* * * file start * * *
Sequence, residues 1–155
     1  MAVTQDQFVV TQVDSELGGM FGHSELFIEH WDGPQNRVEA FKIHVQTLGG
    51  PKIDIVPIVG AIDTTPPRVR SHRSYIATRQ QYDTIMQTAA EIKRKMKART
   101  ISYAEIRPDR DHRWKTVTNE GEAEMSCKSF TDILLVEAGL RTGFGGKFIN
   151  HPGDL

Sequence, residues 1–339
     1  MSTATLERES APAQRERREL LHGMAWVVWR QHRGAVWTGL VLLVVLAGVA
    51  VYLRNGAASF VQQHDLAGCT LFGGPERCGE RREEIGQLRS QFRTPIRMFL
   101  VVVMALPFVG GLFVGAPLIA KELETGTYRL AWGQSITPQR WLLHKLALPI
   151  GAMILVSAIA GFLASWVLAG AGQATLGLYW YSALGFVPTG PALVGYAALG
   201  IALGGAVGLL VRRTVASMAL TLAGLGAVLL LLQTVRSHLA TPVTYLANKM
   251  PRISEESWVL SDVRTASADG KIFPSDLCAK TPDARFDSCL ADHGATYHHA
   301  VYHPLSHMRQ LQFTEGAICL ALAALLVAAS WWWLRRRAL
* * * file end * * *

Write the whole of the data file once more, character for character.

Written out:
Sequence, residues 1–155
     1  MAVTQDQFVV TQVDSELGGM FGHSELFIEH WDGPQNRVEA FKIHVQTLGG
    51  PKIDIVPIVG AIDTTPPRVR SHRSYIATRQ QYDTIMQTAA EIKRKMKART
   101  ISYAEIRPDR DHRWKTVTNE GEAEMSCKSF TDILLVEAGL RTGFGGKFIN
   151  HPGDL

Sequence, residues 1–339
     1  MSTATLERES APAQRERREL LHGMAWVVWR QHRGAVWTGL VLLVVLAGVA
    51  VYLRNGAASF VQQHDLAGCT LFGGPERCGE RREEIGQLRS QFRTPIRMFL
   101  VVVMALPFVG GLFVGAPLIA KELETGTYRL AWGQSITPQR WLLHKLALPI
   151  GAMILVSAIA GFLASWVLAG AGQATLGLYW YSALGFVPTG PALVGYAALG
   201  IALGGAVGLL VRRTVASMAL TLAGLGAVLL LLQTVRSHLA TPVTYLANKM
   251  PRISEESWVL SDVRTASADG KIFPSDLCAK TPDARFDSCL ADHGATYHHA
   301  VYHPLSHMRQ LQFTEGAICL ALAALLVAAS WWWLRRRAL